The Limits of Expansion: The European Union and NATO

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BIG is not necessarily beautiful, but the current agendas of both the European Union and NATO is one of steady aggrandizement. The more members each can take, it would seem, the better. Both institutions have come to be seen as two sides of the same coin, linked by historical circumstance and political acumen. The EU prospered under the stabilizing influence of NATO in Europe, a shield against the prospects of Communist incursion. NATO, in turn, established its credentials as a Cold War alliance that went the distance, keeping the US in Europe while safeguarding Western institutions. Both now face the challenges posed by their respective enlargement, notably in the eastward push that is integrating new states at some speed. What are the implications of these moves'? Recent events suggest that such expansions may have occurred too rapidly. A check of such advances may be needed, re-assessments may have to be made. In the case of the EU, a question mark was drawn over its proposed constitution by Ireland's negative vote on the Lisbon Treaty earlier this year. While seen by some commentators as the 'useful idiots of European extremism' (to use a term of the German writer Richard Wagner), the Irish highlighted significant problems within the organization. In truth, the EU is a behemoth few of its citizens actually understand. Why, then, allow it to grow and multiply in its functions when it can barely legitimize itself before its citizenry?

With NATO, complications also arise. Having fulfilled its functions as a Cold War bulwark, every effort by its supporters is being made to find another purpose. Is it to combat terrorism? Or perhaps the crisis wrought by climate change? Will it provide security against a renascent Russian threat? The jury is out and wandering the halls. No clear founding of a rationale has been had, but, as with the EU, enlargement is on the cards.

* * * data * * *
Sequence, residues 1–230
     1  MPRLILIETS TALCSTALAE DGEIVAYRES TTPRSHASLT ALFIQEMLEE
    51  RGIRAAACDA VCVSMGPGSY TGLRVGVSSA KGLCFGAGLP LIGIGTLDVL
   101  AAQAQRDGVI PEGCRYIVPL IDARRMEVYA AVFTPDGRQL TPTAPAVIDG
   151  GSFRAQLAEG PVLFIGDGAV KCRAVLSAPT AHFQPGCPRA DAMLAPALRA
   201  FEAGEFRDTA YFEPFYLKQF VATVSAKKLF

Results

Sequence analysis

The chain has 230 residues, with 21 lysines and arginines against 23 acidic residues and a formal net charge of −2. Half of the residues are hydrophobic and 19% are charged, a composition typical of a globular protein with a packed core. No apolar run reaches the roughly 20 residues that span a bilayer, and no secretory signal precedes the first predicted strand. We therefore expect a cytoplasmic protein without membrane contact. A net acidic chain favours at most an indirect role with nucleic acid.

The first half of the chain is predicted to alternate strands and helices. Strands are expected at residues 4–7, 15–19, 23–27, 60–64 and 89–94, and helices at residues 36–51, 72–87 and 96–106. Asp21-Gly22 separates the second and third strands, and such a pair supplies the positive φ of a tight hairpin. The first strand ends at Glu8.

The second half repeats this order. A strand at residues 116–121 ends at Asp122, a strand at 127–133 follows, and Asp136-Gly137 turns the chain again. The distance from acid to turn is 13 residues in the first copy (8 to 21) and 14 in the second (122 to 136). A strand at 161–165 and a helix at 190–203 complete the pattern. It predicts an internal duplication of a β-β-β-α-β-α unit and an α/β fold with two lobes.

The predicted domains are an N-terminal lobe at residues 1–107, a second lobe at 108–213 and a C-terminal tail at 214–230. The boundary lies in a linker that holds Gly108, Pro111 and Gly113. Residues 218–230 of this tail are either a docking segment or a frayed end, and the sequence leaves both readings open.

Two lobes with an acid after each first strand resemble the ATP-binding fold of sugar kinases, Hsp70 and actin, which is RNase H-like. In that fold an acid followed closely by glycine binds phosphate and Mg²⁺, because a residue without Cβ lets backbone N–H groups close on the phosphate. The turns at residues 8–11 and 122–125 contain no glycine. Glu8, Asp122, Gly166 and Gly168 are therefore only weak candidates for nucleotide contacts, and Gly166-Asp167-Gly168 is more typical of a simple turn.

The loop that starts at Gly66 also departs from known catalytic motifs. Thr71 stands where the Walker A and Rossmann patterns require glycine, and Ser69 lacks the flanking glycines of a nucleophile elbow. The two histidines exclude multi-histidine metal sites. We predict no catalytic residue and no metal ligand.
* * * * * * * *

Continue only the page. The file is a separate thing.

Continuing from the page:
Origins and Rationales

In many ways, the origins of both organizations, seen together, provide the cornerstones of European success after 1945. Both came about in a post-World War environment. The EU can trace its origins back to the economic interests of the European Coal and Steel Community (1951); NATO, to an anti-Soviet pact in 1949 girded by the concept of collective defence in the wake of Communism's westward expansion.

But things did not stop there. Treaty followed treaty in the development of European policy, one might even say, a European 'identity". A form of federalism came into being. Hiccups did follow, registered in the fear that the EU might be getting ahead of itself (the Lisbon Treaty being the latest). The EU, some have even argued, is suffering a crisis in legitimacy. When it is not imposing regulations that are seen as cumbersome and intrusive, with an extra layer of unwelcome bureaucracy, it is regarded as remote. The European Parliament and Commission in Brussels are perceived to be lucrative escapes for politicians. Election turnouts are low, and its representatives are satirized and mocked.

The expansion project of the EU developed apace after the European Council meeting in Copenhagen in 1993. Categories on what Central and Eastern European countries would have to meet in order to accede to the union were drawn up. These included the establishment of democratic institutions, a respect for the rule of law and various safeguards for minorities, the adoption of a market economy and the incorporation into a genuine union {political, economic, monetary). Ten countries duly joined in 2004.

Students of NATO and EU history, amongst them commentators as notable as Vaclav Havel of the Czech Republic, see both as a democratizing influence on the continent, guarantors of liberty and democracy. Other commentators see this expansion and consolidation as possessing its own 'imperial' thrust, a colonialist resurgence. (1) EU enlargement has had enormous affects on its member states. The farm industries of wealthier states. …